School Department News

Noonkester School of Arts and Letters

Thursday, October 1, 2015 - 1:30pm
The William Carey University Sarah Ellen Gillespie Museum of Art will host “Mississippi Masters: A Visual Collection,” an exhibit of exceptional work by 20th century Mississippi artists, from October 5 through November 17.
The opening reception for the exhibit will be from 4:30 until 6 p.m. on October 8 at the museum, which is located adjacent to the Smith/Rouse Library on the Hattiesburg campus. 
Artists represented in the exhibit include Charles Ambrose, Andrew Bucci, Greg Cartmel, Bess Dawson, William Hollingsworth Jr., Dollye Kirk, Lucile Parker, Lallah Perry, Emmitt Thames, Wyatt Waters, Karl Wolfe, Mildred Wolfe and Marie Atkinson Hull. The works were selected from the university’s Gillespie Collection, which contains over 600 pieces of art and is considered to be the most comprehensive collection of art executed by Mississippians in the 20th century.
The museum will be closed during Carey’s fall trimester break from November 2-6. Regular operating hours are 1 until 4 p.m. Monday through Friday. Special appointments may be made by calling (601) 318-6561.
Tuesday, September 22, 2015 - 8:10am
Dr. Ed Ford, an assistant professor of graphic design and director of the Lucile Parker Gallery at William Carey University, was recently named Carey’s 2015 Humanities Teacher of the Year.
As part of the award, Ford will present a lecture, “Analyzing Leonardo’s Design Methods,” at 1 p.m. on October 21 in the Fail-Asbury Hall auditorium on the Hattiesburg campus.
Ford joined the Carey faculty in 2013. He is a 1984 graduate of the University of Southern Mississippi, where he received a bachelor’s degree in art. Ford received his master’s degree in art history from the University of Georgia in 1988 and his doctorate in art history from the University of Oxford in 2002. At Oxford, he studied with Martin Kemp, the world’s leading Leonardo da Vinci scholar.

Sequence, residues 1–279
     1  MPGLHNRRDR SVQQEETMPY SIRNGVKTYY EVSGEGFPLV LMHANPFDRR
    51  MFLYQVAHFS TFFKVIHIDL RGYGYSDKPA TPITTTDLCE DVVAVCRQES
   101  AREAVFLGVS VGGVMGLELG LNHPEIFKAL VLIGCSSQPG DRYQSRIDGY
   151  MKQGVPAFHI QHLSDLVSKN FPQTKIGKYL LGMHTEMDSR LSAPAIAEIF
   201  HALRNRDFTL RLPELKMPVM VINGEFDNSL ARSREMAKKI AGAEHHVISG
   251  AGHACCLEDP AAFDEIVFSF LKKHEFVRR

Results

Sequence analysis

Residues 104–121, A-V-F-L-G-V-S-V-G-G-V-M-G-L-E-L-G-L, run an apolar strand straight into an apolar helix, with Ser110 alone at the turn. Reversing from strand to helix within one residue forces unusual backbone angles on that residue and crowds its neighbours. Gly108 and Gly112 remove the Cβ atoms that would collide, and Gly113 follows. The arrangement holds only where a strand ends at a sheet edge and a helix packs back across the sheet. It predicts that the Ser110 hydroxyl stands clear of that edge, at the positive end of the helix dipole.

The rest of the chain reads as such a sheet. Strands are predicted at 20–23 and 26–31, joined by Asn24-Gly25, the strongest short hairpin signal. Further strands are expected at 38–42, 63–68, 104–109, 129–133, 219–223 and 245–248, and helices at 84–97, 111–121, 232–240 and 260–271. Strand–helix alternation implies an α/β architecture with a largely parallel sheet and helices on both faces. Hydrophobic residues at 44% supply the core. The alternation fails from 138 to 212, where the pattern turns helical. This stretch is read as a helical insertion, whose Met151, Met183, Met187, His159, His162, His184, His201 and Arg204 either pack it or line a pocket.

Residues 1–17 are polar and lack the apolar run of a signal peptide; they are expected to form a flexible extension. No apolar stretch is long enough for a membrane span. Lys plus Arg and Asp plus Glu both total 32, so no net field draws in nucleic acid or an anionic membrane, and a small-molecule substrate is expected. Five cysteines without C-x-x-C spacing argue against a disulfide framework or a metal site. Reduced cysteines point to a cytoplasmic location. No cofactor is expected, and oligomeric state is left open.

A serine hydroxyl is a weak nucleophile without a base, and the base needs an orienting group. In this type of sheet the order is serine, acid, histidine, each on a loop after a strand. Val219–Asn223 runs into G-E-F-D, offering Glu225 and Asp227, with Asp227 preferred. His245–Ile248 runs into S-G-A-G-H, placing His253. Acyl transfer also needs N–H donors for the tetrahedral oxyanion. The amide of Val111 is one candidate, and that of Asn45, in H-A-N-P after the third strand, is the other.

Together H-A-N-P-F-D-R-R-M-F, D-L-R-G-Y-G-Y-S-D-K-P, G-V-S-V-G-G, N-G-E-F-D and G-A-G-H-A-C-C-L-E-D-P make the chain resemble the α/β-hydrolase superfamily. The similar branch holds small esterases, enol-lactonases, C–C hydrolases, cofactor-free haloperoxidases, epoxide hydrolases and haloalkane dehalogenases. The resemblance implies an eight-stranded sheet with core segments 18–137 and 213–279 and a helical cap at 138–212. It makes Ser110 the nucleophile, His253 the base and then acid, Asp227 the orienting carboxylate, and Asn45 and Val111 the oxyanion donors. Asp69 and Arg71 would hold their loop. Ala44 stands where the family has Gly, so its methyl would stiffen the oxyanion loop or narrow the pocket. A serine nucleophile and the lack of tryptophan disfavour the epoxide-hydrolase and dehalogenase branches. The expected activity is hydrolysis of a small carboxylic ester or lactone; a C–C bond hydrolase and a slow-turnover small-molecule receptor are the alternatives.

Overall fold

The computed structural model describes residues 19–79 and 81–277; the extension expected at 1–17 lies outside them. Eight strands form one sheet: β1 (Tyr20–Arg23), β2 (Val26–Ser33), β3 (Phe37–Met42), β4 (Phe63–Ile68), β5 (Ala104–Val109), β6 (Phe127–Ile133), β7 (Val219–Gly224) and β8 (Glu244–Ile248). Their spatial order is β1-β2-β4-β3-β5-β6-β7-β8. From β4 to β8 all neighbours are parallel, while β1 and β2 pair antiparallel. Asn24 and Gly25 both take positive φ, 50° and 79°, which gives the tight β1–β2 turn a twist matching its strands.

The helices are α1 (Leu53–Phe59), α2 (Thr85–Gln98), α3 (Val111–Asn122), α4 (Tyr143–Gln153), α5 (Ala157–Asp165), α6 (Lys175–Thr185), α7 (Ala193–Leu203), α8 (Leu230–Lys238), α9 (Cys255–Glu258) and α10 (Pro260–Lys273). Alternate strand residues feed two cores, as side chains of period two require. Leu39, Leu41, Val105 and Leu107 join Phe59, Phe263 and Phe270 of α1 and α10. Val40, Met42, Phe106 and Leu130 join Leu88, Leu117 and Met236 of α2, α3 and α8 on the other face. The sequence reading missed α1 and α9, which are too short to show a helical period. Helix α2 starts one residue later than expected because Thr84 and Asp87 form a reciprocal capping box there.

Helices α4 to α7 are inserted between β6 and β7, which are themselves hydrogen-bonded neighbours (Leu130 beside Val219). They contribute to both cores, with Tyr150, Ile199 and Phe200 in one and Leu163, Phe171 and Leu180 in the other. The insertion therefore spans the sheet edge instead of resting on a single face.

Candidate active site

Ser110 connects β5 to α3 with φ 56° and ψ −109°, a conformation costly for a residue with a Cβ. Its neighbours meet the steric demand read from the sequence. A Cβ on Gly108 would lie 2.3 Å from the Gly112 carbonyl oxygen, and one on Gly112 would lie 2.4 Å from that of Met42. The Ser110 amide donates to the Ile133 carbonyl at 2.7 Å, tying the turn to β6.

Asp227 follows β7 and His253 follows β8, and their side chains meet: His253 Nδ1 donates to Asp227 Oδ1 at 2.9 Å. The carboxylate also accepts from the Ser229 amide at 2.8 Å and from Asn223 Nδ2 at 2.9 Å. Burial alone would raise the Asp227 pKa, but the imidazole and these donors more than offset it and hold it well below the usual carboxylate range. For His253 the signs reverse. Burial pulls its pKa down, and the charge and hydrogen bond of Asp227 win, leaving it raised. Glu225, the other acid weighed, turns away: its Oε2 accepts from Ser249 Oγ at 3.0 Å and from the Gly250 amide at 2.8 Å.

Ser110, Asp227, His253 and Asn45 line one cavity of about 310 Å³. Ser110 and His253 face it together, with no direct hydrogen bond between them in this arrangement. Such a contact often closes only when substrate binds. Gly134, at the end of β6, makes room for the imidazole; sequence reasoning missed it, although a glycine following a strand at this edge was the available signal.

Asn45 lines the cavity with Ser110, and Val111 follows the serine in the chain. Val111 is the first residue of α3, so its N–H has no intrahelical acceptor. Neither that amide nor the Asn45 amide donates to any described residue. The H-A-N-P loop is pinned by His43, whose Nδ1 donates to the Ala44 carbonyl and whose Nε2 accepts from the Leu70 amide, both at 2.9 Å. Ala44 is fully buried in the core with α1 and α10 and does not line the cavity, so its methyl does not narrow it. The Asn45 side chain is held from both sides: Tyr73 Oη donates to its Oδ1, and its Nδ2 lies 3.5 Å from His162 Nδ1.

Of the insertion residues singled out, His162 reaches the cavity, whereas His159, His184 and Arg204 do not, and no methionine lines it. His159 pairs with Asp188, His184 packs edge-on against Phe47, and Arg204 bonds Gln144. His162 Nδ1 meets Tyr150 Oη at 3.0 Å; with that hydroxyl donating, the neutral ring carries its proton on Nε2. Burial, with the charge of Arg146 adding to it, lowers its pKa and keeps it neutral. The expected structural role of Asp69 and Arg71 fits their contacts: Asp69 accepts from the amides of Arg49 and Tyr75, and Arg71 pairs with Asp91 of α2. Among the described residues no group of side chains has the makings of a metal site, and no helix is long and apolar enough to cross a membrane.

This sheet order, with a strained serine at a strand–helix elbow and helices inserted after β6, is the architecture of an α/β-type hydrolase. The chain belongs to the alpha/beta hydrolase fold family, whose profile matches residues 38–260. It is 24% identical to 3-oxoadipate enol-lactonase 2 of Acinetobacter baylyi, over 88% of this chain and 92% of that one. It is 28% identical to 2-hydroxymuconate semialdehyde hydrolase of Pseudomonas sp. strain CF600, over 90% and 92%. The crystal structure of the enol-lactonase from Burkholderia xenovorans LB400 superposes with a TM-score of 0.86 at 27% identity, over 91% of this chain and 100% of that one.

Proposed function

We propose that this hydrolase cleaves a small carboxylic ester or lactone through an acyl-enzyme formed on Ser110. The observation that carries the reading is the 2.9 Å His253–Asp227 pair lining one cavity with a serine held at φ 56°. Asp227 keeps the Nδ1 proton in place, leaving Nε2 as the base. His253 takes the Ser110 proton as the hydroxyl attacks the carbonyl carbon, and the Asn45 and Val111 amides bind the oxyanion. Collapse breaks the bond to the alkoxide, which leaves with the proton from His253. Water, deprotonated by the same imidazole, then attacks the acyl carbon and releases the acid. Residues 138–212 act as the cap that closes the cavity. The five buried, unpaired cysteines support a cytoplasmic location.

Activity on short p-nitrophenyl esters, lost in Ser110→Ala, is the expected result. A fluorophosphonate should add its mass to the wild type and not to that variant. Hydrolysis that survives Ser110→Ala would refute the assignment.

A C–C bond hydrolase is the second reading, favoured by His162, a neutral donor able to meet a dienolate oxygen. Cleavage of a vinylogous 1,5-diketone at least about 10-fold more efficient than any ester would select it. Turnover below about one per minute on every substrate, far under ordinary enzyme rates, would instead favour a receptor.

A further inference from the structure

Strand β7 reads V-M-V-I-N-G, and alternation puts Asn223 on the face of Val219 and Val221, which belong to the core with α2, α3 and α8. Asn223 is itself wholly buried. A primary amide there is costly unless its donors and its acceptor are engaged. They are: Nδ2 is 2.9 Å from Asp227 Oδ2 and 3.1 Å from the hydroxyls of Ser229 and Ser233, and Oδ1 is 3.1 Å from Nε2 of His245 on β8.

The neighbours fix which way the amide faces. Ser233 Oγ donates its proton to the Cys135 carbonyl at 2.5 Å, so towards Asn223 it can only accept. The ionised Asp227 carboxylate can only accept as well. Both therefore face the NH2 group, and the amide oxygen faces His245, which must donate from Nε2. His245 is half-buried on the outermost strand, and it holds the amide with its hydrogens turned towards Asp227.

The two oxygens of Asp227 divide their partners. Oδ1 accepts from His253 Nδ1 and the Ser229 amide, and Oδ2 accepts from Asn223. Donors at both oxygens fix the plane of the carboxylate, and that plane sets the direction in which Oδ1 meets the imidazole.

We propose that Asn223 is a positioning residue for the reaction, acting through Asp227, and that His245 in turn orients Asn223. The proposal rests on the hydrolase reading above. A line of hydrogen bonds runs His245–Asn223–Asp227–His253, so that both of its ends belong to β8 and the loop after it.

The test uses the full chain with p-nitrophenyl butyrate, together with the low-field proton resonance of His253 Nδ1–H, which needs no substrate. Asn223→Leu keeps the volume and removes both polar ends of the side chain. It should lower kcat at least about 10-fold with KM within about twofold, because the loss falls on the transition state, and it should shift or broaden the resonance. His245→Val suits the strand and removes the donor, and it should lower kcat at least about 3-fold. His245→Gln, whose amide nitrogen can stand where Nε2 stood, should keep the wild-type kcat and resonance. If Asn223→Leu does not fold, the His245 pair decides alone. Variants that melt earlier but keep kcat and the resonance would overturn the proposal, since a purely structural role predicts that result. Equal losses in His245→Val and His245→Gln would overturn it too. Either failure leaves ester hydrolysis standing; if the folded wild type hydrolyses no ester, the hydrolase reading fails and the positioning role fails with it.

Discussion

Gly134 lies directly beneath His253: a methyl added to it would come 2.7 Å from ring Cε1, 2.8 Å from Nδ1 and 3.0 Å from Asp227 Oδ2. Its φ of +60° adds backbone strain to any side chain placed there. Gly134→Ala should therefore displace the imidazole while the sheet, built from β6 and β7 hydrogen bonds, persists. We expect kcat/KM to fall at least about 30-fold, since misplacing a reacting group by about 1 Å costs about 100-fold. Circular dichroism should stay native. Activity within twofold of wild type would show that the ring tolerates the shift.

In addition to his academic career, Ford has 30 years of experience as a commercial artist. He specializes in illustration, graphic design and animation. He currently teaches these subjects, along with art history, at Carey. He has recently added wood carving and pyrography, the art of decorating wood or leather by burning a design on the surface with a heated metallic point, to his areas of interest.
A faculty member from each institution of higher learning in the state is selected for the Humanities Teacher of the Year honor each year by the Mississippi Humanities Council, a nonprofit corporation funded by Congress through the National Endowment for the Humanities to provide public programs in traditional liberal arts disciplines to serve nonprofit groups in the state.
Monday, September 21, 2015 - 8:59am
The William Carey University Theatre will present “Madness, Mayhem and Misery: An Evening of Chekhov Comedy” from October 8-10 at 7:30 p.m. and October 11 at 2 p.m. in the Joe and Virginia Tatum Theatre on the university’s Hattiesburg campus.